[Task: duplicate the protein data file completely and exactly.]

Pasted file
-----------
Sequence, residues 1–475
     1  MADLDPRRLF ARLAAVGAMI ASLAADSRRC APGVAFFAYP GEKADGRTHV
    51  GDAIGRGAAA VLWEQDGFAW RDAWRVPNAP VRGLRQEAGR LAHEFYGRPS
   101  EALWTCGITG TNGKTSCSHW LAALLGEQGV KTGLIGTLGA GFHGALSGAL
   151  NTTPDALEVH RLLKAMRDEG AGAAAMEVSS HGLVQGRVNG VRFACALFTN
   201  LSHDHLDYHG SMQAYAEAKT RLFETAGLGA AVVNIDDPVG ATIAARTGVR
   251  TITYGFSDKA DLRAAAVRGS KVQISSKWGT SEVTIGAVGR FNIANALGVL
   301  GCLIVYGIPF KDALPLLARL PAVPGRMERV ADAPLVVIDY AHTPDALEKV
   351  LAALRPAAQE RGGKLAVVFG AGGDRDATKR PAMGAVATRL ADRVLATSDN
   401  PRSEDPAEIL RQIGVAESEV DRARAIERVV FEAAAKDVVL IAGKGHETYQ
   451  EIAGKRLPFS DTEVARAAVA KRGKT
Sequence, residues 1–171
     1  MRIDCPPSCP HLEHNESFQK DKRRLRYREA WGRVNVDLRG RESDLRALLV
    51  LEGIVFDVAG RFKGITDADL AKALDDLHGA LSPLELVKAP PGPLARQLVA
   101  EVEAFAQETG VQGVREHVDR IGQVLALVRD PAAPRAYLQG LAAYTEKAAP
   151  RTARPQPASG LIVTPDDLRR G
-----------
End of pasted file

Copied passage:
Sequence, residues 1–475
     1  MADLDPRRLF ARLAAVGAMI ASLAADSRRC APGVAFFAYP GEKADGRTHV
    51  GDAIGRGAAA VLWEQDGFAW RDAWRVPNAP VRGLRQEAGR LAHEFYGRPS
   101  EALWTCGITG TNGKTSCSHW LAALLGEQGV KTGLIGTLGA GFHGALSGAL
   151  NTTPDALEVH RLLKAMRDEG AGAAAMEVSS HGLVQGRVNG VRFACALFTN
   201  LSHDHLDYHG SMQAYAEAKT RLFETAGLGA AVVNIDDPVG ATIAARTGVR
   251  TITYGFSDKA DLRAAAVRGS KVQISSKWGT SEVTIGAVGR FNIANALGVL
   301  GCLIVYGIPF KDALPLLARL PAVPGRMERV ADAPLVVIDY AHTPDALEKV
   351  LAALRPAAQE RGGKLAVVFG AGGDRDATKR PAMGAVATRL ADRVLATSDN
   401  PRSEDPAEIL RQIGVAESEV DRARAIERVV FEAAAKDVVL IAGKGHETYQ
   451  EIAGKRLPFS DTEVARAAVA KRGKT
Sequence, residues 1–171
     1  MRIDCPPSCP HLEHNESFQK DKRRLRYREA WGRVNVDLRG RESDLRALLV
    51  LEGIVFDVAG RFKGITDADL AKALDDLHGA LSPLELVKAP PGPLARQLVA
   101  EVEAFAQETG VQGVREHVDR IGQVLALVRD PAAPRAYLQG LAAYTEKAAP
   151  RTARPQPASG LIVTPDDLRR G